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When I felt I had sufficiently grown in one position, I decided to explore another—whether internal or external. Each position I’ve been in has helped me learn new things, grow my experience, and broaden my view of leadership and strategy.


beyond those that you can gain from working at a firm.


Your career arc is a gradual series of steps—first in private practice, then at International Paper Company, MCI, Inc., and Johnson & Johnson. When did you know it was the right time to move to a new company? How did each new experience prepare you for the next one? Each person has different signals for when it’s time to move on. For me, I deliberately pursued career opportuni- ties that gave me greater and broader responsibilities over time. When I felt I had sufficiently grown in one posi- tion, I decided to explore another— whether internal or external. Each position I’ve been in has helped me learn new things, grow my experience, and broaden my view of leadership and strategy. And the company’s mission and vision for the future is important for me. I’ve been incredibly fortunate on the path I’ve chosen. But it’s important to recognize that each person’s path can be different. Not


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everyone needs to pursue a broad career based on diverse roles in different com- panies. Going deep in your chosen legal field is also a great way to contribute to your firm’s or company’s success while providing a rewarding career.


Obviously you have been involved in diversity efforts— you are speaking to this magazine right now. In your opinion, what’s the best driver for diversity in the legal profession? It’s hard to pick a “best” driver, but I believe that the changing demograph- ics in the U.S. will be a major force. Not only do I think a more diverse population will naturally fuel more diversity in the legal profession—I also think that a more diverse popula- tion will demand to be serviced by professionals that reflect that growing diversity. Whether you are a lawyer in a company, or a law firm, chances are that you are or will be working with a diverse customer or client base. Demonstrating an ability to truly understand the wants or needs of


that client or customer will require a diverse pool of talent whose experi- ences, knowledge, and general way of thinking can be drawn from to create the best service experience. As such, diversity is becoming a business imperative, not a “nice-to-have.”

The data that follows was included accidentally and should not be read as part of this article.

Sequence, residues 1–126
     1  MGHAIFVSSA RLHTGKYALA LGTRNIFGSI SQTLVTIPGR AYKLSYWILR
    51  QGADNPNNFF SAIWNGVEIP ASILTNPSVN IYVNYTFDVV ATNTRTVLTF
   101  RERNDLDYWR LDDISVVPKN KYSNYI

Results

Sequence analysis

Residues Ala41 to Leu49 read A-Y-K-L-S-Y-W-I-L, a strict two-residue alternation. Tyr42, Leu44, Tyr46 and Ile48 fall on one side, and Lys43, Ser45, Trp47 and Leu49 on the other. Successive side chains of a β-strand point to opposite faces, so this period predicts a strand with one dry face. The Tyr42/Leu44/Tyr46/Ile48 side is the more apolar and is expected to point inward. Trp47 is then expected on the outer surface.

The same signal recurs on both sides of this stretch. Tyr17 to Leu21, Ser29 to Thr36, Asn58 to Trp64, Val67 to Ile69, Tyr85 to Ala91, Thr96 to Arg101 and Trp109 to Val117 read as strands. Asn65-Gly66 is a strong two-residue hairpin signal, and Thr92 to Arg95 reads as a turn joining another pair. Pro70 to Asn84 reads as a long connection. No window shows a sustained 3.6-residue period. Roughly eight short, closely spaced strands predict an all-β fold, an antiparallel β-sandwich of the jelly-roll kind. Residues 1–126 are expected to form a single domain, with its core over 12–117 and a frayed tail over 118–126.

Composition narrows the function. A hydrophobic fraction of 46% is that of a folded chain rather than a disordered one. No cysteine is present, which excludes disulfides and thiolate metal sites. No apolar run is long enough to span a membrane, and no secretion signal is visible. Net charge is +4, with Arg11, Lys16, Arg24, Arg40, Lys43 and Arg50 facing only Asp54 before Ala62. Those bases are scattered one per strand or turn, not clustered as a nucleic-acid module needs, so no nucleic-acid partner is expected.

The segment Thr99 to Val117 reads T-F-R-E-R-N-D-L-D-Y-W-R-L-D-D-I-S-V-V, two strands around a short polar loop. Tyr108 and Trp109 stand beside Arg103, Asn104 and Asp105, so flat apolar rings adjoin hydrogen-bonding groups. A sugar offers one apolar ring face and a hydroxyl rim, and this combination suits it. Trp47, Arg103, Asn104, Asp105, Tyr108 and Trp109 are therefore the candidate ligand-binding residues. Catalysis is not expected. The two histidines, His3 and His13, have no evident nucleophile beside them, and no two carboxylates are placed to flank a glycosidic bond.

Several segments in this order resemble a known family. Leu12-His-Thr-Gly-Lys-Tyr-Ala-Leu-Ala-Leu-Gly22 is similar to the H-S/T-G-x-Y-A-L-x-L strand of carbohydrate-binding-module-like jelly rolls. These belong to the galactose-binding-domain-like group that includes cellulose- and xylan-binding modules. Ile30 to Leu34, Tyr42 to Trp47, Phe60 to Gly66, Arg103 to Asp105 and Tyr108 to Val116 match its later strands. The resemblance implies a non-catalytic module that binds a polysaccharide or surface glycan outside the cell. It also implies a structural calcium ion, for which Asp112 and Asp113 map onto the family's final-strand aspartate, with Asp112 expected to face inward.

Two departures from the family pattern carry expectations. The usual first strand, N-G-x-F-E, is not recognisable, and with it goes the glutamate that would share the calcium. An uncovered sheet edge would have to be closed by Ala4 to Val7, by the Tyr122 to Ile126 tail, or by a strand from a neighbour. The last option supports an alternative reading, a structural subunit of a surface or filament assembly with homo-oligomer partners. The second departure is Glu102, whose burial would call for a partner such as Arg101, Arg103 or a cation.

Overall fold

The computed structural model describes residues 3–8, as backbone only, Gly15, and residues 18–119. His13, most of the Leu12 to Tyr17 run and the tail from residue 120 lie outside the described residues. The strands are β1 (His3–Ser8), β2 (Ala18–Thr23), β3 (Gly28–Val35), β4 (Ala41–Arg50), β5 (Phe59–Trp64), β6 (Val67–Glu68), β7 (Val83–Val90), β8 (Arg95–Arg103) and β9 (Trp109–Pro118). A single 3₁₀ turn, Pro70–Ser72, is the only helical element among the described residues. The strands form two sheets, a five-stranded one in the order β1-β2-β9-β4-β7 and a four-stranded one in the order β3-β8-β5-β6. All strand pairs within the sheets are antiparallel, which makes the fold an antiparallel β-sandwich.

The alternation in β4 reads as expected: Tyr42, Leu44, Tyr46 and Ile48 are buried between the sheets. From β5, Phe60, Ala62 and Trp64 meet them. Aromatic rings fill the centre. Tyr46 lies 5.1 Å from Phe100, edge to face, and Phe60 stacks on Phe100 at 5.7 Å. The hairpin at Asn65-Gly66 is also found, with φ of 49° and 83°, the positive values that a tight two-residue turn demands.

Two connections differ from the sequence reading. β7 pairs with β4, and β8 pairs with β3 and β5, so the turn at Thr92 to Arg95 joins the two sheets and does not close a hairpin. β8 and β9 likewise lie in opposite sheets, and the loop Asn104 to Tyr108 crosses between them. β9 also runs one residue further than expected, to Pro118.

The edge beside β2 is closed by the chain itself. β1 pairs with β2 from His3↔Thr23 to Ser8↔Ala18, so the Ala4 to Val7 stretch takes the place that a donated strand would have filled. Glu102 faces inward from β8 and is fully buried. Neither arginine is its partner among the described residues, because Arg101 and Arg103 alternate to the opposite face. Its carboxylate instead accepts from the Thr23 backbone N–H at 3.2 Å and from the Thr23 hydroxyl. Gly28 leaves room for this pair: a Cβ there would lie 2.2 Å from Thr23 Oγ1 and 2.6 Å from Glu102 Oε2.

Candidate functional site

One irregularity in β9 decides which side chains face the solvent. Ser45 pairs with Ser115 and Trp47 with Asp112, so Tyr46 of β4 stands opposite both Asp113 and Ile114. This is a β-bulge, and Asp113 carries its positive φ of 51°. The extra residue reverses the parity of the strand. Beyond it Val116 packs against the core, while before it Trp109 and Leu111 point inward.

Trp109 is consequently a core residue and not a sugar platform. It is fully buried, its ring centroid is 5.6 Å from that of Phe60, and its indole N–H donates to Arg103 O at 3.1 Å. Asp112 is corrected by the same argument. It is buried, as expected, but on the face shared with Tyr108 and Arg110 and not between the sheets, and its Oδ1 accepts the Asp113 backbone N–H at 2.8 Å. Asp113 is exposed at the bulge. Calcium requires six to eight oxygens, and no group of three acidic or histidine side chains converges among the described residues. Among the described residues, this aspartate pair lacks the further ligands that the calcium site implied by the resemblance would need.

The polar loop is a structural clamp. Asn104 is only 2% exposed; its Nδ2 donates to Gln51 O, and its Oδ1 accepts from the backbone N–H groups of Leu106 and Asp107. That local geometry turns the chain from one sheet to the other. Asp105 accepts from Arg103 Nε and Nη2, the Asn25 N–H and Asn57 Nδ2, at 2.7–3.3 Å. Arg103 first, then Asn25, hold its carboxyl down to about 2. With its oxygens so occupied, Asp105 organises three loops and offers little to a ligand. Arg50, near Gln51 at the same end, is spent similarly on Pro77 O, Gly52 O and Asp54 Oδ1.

What would you like to see more or less of from diverse law students? Today, law students of all backgrounds are pursuing their education in an environment completely different than that of twenty, ten, or even five years ago. Tere are many factors for this, but two come to the top of my mind. First, the technology is much more advanced. And I’m not just talking about smaller and faster computers; I’m also talking about social media, the digital space, and the personalization of technology. Tey consume, and share, information in unprecedented ways. Second, the sheer volume of information continues to grow exponentially. Tere is so much more available to them to frame their views of the world and their positions on the law. In this environment, diversity in terms of life experience and thought is increasingly important and desirable. I hope to see more students who can embrace a variety of different viewpoints while staying true to their core beliefs— and to the underlying laws we all serve. Tis will go a long way in any career path they pursue. D&B


Nicole Jones is executive vice president and general counsel for Cigna. Jones rejoined Cigna after serving as senior vice president and general counsel for Lincoln Financial. From 2006 to 2010, Jones was Cigna’s deputy general counsel, corporate secretary and chief counsel of domestic health service, securities, and investment law. Jones has held increasingly responsible leadership roles in corporate law depart- ments at Johnson & Johnson, MCI, Inc. and International Paper Company. She holds a bachelor’s degree from Fordham University and earned a J.D. from New York University.


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